Code Your First Gutenberg Block Type

Welcome to Code Gutenberg. This is an introduction post for the new WordPress 5.0, Gutenberg update.

To begin in a simple manner, let’s make a gutenberg block type that will display a message in the wordpress post. This is just the bare basics to register a block and show a styled block on the front-end without the functionality of editing the block itself dynamically, so we won’t be able to edit the message from the back-end. We’ll get deeper in the editable fields on a later section.

Let’s get started

“Learning to build block types”

On the first learning step we will keep things simple.

Block types in WordPress Gutenberg that have static content are implemented in JavaScript using the registerBlockType function. The function will specify the frame of a block, we describe how the block will behave so the editor will understand how it displays, how it will change when we edit it, and how the content is saved in the wordpress post.

Enqueuing Block Scripts

The way a block will behave is as we said implemented with javascript, you need to register the block server-side so that the code will run, so we need to enqueue your scripts. Register scripts and styles using wp_register_script and wp_register_style, then assign these as handles associated with your block using the scriptstyleeditor_script, and editor_style block type registration settings. The editor_-prefixed handles will only be enqueued in the context of the editor, while script and style will be enqueued both in the editor and when viewing a post on the front of your site.

<?php

function gutenberg_boilerplate_block() {
    wp_register_script(
        'gutenberg-boilerplate-es5-step01',
        plugins_url( 'step-01/block.js', __FILE__ ),
        array( 'wp-blocks', 'wp-element' )
    );

    register_block_type( 'gutenberg-boilerplate-es5/hello-world-step-01', array(
        'editor_script' => 'gutenberg-boilerplate-es5-step01',
    ) );
}
add_action( 'init', 'gutenberg_boilerplate_block' );

Note the two script dependencies:

  • wp-blocks includes block type registration and related functions
  • wp-element includes the WordPress Element abstraction for describing the structure of your blocks

If you were to use a component from the wp-editor package, for example the RichText component, you would also need to add wp-editor to the dependency list.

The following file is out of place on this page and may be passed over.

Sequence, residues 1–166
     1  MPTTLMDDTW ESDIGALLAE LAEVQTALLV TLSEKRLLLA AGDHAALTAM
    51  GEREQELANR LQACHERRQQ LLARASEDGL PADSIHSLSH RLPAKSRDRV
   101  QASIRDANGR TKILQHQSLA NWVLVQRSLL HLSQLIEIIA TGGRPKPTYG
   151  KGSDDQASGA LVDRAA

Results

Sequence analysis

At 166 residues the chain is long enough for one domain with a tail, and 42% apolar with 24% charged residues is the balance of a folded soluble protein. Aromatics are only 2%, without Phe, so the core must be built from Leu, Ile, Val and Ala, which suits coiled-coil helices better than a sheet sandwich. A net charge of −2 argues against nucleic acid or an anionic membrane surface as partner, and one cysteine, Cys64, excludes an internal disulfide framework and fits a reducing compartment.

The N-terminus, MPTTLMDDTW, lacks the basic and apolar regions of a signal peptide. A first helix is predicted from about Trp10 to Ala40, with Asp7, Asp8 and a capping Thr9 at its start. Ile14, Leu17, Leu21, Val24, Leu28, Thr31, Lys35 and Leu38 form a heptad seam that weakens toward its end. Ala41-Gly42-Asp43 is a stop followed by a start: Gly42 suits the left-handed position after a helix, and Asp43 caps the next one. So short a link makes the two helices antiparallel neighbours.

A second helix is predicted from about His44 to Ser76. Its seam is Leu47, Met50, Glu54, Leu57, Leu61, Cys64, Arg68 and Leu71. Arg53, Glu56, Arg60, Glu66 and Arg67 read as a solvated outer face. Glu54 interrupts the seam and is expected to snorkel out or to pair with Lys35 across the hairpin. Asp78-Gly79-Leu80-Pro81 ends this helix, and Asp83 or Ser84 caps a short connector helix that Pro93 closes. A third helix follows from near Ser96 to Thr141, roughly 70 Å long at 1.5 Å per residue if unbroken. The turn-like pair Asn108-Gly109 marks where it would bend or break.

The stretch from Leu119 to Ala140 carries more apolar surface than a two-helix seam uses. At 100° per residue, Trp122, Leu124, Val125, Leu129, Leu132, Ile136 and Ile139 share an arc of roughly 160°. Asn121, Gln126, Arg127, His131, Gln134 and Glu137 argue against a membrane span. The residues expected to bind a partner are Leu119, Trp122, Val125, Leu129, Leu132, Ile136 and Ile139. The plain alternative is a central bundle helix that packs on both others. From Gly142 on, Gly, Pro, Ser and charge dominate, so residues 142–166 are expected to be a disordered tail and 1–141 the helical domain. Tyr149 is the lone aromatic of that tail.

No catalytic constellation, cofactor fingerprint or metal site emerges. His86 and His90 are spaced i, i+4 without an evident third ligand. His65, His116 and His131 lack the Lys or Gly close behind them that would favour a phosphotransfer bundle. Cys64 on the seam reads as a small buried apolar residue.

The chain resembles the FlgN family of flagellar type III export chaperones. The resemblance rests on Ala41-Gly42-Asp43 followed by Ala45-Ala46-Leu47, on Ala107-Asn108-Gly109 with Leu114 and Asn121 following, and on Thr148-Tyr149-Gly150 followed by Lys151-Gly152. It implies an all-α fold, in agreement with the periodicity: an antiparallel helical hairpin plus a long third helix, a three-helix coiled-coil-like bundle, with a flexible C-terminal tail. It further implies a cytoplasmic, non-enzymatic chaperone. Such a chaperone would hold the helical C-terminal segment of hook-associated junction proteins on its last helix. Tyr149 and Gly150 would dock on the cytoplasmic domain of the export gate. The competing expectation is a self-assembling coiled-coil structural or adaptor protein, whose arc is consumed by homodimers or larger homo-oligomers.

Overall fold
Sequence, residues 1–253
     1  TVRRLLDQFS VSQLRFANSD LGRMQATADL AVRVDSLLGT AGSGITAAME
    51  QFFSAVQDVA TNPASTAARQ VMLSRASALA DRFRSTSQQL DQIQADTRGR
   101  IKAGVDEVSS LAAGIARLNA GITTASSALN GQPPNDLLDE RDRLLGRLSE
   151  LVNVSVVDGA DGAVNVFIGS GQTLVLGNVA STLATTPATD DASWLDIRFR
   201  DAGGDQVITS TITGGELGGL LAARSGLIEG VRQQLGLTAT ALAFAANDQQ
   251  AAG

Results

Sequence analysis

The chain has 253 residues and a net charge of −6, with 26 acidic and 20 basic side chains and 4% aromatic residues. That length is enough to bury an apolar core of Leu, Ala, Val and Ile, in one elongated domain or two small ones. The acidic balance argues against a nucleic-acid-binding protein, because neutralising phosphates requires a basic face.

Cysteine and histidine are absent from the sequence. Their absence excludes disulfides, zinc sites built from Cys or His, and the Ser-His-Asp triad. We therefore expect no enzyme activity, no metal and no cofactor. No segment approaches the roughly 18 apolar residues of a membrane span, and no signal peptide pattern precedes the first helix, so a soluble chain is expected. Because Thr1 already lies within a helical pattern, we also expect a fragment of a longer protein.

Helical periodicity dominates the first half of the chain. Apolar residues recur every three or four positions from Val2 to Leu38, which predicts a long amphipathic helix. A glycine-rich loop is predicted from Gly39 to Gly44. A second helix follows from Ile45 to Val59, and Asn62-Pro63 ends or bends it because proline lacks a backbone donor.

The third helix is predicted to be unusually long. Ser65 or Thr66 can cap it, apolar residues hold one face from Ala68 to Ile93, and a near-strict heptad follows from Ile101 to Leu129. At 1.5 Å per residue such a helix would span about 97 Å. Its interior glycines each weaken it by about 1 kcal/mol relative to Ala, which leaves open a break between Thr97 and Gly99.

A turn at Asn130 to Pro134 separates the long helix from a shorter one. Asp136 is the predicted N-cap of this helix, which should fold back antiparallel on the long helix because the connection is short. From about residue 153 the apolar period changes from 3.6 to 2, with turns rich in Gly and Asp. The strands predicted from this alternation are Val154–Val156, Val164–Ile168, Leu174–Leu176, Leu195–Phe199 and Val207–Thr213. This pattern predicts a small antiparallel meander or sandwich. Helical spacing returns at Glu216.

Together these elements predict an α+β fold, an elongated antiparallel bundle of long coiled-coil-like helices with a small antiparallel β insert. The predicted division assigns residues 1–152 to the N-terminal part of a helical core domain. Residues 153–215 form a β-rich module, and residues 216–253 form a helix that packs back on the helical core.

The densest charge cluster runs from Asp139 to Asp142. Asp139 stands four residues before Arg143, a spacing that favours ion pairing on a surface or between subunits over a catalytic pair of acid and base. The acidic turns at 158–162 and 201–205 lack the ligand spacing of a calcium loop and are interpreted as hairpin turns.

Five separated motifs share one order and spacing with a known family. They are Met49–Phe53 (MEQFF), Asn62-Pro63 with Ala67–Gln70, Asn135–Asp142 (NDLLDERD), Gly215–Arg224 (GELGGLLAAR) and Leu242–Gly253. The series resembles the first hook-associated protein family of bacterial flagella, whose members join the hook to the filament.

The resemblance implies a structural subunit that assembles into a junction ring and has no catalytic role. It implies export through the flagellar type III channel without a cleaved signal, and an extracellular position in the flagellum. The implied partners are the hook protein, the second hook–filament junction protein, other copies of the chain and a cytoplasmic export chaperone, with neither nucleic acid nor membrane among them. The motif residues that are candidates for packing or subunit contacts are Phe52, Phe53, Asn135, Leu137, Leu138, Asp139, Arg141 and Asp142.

Registering the Block

With the script enqueued, let’s look at the implementation of the block itself:

var el = wp.element.createElement,
    registerBlockType = wp.blocks.registerBlockType,
    blockStyle = { backgroundColor: '#900', color: '#fff', padding: '20px' };

registerBlockType( 'gutenberg-boilerplate-es5/hello-world-step-01', {
    title: 'Hello World (Step 1)',

    icon: 'universal-access-alt',

    category: 'layout',

    edit: function() {
        return el( 'p', { style: blockStyle }, 'Hello editor.' );
    },

    save: function() {
        return el( 'p', { style: blockStyle }, 'Hello saved content.' );
    },
} );

const { registerBlockType } = wp.blocks;
const blockStyle = { backgroundColor: '#900', color: '#fff', padding: '20px' };

registerBlockType( 'gutenberg-boilerplate-esnext/hello-world-step-01', {
    title: 'Hello World (Step 1)',

    icon: 'universal-access-alt',

    category: 'layout',

    edit() {
        return <p style={ blockStyle }>Hello editor.</p>;
    },

    save() {
        return <p style={ blockStyle }>Hello saved content.</p>;
    },
} );

Once a block is registered, you should immediately see that it becomes available as an option in the editor inserter dialog, using values from titleicon, and category to organize its display. You can choose an icon from any included in the built-in Dashicons icon set, or provide a custom svg element.

A block name must be prefixed with a namespace specific to your plugin. This helps prevent conflicts when more than one plugin registers a block with the same name.

The edit and save functions describe the structure of your block in the context of the editor and the saved content respectively. While the difference is not obvious in this simple example, in the following sections we’ll explore how these are used to enable customization of the block in the editor preview.